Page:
I can't think of a more inexplicable sentence to utter aloud than "Mandy Moore and Adam Pascal sing "Suddenly Seymour."" But that's what happened on this Bravo special.
- :14 - Right off the bat, Mandy, if you're a huge fan of Adam Pascal, just say you love Rent. Let's not diffuse what little credibility you have left with "I'm a huge fan of Rent and stuff."
- :30 - I love Adam Pascal, I really do, but he's just not suited to this role. He looks too handsome, he sounds too sure, and it just looks wrong. Also, please note the floor fan Mandy is sitting in. Because Drama.
- 1:06 - I feel like this modulation is out of sorts. It doesn't flow well with the feeling of the song, and it feels like too much of a confident choice, acting-wise, for Seymour.
- 1:26 - I mean, it doesn't really need to be said. Mandy's voice is so thin she's working extremely hard to get out this incredibly simple verse. There's no power behind her notes.
- 1:32 - Pascal's best acting he's ever done: acting like he's okay with being on this special.
- 1:39 - If the Audrey decides to play it safe through that opening verse, she can cut loose on the first big note of the chorus here. But Mandy doesn't. She loses it with this nasally mix that makes the song sound way bigger than her.
- 1:54 - Oof, Mandy loses most of the big notes here, either from shallow breathing or improper placement. The note especially on 'condescend' is frightening.
- The rest of the song just makes me uncomfortable to watch. Mandy stays in the same breathy four notes the whole time, when she should be the more dynamic voice, and Pascal's stage presence is as awkward as ever.
A disappointing showing, perhaps expected from Mandy, but not from Pascal. 

Seth Rudetsky & Julia Murney perform "Suddenly Seymour" 
I first learned of Seth Rudetsky through Legally Blonde: The Search for Elle Woods, one of the terrible star search shows I mentioned in the last Musical Mondays. But Rudetsky, the vocal coach, was engaging, flamboyant, opinionated, and knowledgeable. He also has a YouTube channel where he vocally deconstructs awesome Broadway performances. I first heard Julia Murney, live, as Elphaba on tour in Wicked. She can also be heard on The Wild Party. These two are amazing.
- Actual song starts: 1:13.
- First off, I love Seth accompanying himself. Obviously, not every Seymour could do that, nor is it quite fitting, character-wise, but it's a nice touch. Seth also possesses the voice you'd expect Seymour to have. It's almost spoken, most of his opening verse.
- 2:10 - To steal a phrase from Seth himself, I'm absolutely obsessed with his riff down on 'suddenly Seymour.' I think it fits the musical style much more, it's unexpected, and Seth just does it great.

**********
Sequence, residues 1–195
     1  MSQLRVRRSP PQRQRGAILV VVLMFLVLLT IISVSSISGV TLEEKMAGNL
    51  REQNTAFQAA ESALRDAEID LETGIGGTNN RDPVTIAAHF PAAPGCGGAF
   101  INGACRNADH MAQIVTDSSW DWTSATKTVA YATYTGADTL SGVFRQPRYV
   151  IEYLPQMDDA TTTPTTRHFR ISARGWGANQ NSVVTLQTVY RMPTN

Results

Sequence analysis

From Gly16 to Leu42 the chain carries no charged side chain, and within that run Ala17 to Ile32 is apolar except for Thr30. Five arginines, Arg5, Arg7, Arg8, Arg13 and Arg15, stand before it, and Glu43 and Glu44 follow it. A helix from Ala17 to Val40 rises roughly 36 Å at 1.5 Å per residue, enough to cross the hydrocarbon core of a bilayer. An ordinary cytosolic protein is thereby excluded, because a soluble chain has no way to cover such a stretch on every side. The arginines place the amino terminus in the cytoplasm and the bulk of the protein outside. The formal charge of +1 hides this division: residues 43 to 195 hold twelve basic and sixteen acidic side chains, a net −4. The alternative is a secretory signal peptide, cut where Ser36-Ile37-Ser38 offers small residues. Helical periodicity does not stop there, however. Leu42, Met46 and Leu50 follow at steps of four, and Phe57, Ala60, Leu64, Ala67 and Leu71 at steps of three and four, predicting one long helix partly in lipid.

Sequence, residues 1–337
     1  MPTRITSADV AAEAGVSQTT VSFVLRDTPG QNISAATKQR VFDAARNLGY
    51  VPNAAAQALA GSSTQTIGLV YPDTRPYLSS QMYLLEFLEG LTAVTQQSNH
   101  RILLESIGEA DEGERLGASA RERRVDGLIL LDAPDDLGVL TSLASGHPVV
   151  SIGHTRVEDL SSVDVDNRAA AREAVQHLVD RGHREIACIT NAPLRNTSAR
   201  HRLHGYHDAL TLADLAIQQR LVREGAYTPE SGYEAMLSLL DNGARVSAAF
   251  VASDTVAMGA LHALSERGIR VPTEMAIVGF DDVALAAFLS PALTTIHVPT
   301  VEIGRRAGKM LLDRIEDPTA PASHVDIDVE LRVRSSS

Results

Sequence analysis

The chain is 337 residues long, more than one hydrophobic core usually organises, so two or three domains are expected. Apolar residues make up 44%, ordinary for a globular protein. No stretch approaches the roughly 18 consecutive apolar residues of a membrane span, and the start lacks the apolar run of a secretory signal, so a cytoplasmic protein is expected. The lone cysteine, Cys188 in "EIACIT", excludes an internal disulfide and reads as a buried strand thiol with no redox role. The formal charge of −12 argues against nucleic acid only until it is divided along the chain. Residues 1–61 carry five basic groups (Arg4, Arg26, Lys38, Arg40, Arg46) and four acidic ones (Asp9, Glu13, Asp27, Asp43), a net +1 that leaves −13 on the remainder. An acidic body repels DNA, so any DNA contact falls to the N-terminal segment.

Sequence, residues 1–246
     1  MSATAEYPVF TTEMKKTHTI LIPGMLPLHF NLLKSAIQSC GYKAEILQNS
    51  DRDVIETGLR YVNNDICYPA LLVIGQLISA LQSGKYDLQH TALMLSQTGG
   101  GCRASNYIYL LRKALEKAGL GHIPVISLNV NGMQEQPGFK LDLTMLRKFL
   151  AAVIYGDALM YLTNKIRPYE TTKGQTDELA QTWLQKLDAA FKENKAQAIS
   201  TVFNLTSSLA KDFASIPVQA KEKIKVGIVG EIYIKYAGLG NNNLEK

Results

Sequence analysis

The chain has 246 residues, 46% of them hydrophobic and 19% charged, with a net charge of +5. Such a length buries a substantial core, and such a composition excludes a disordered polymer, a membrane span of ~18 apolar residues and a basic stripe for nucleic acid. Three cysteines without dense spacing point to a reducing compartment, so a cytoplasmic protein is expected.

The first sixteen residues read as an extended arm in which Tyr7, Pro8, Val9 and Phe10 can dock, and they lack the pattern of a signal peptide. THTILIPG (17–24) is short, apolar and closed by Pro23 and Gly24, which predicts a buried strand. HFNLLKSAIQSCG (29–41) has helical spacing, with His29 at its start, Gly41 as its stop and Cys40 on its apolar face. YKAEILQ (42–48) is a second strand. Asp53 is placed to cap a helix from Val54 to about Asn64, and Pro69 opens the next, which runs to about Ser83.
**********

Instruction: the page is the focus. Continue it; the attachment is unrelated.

- 2:24 - Love it or hate it, That's not Julia's real voice, she's doing the "Greene-esque" impression.
- 2:44 - There's the power Mandy was missing in the first video. Julia drops the impression slightly (which I believe was done as a joke anyway) and shows the real power of her voice. It has this incredible ping to it, as you'll hear throughout. It's never too thin, but it sounds incredibly high in placement.
- 3:01 - An incredibly clean belt and vibrato on 'condescend', followed by a rock growl on 'suddenly', and then a return to the Greene mousiness for 'Seymour.' I love actors who can manipulate their voices so quickly, and I think this is a great moment.
- 3:27 - Julia duplicates the riff down on 'understand that' that Seth did earlier, and it's just as good.
- 3:41 - I love the way Julia hits the note for 'purified', the placement's incredible.
- 3:45 - I love Seth's riff on 'purified' in the echo. It's a pretty gospel-like riff.
- Please to enjoy the rest.
What makes this performance especially fun to watch, despite bootleg quality camera work, is that the performers are having fun doing it. The Mandy/Pascal effort just looks stiff and uncomfortable. Seth on piano, Julia doing a wild voice, it's just awesome. The back-up singers are better too, at times you can hear the girls outsing the leads. It's hard to beat Julia as an actor, and I think Seth gets extra simply for doing a great performance while also accompanying himself.

To redeem Mandy a bit, here she sings with a different Pascal, and I'll just leave you with one of my favorite vocal performances of hers: